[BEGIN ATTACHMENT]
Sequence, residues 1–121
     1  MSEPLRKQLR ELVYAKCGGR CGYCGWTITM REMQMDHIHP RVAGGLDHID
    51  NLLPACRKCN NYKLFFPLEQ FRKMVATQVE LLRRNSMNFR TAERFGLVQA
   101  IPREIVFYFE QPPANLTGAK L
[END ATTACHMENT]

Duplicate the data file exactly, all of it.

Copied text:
Sequence, residues 1–121
     1  MSEPLRKQLR ELVYAKCGGR CGYCGWTITM REMQMDHIHP RVAGGLDHID
    51  NLLPACRKCN NYKLFFPLEQ FRKMVATQVE LLRRNSMNFR TAERFGLVQA
   101  IPREIVFYFE QPPANLTGAK L